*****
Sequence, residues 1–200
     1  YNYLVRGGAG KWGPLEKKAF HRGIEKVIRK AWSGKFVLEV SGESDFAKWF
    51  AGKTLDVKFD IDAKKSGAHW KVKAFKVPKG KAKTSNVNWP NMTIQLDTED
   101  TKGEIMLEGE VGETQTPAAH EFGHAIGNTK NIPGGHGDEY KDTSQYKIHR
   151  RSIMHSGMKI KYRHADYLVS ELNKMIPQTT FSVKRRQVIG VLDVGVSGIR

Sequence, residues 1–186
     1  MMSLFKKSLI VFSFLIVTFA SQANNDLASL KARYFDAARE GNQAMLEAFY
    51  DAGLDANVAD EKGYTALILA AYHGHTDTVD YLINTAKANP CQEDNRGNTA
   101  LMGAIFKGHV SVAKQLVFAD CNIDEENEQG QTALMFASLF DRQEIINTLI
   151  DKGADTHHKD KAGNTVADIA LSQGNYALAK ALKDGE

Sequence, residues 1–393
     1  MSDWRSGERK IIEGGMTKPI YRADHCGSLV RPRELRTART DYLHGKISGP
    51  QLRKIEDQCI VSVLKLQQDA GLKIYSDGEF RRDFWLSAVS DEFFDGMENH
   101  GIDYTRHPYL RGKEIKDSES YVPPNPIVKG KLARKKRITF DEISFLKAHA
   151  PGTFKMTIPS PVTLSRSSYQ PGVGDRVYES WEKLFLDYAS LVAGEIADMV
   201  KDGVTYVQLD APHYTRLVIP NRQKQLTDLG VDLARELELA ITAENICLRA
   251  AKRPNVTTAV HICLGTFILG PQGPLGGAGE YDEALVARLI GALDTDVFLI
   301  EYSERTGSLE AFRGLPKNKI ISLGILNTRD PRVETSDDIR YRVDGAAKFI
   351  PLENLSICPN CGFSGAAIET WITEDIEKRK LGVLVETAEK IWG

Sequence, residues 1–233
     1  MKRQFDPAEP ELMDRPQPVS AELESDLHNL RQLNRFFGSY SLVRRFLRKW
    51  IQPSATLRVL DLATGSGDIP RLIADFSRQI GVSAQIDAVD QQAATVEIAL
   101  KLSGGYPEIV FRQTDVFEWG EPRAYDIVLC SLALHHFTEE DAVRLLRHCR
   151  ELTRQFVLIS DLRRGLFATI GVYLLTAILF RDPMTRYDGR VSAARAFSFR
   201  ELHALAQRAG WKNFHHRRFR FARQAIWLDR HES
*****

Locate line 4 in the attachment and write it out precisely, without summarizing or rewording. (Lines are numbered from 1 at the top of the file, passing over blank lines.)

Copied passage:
   101  TKGEIMLEGE VGETQTPAAH EFGHAIGNTK NIPGGHGDEY KDTSQYKIHR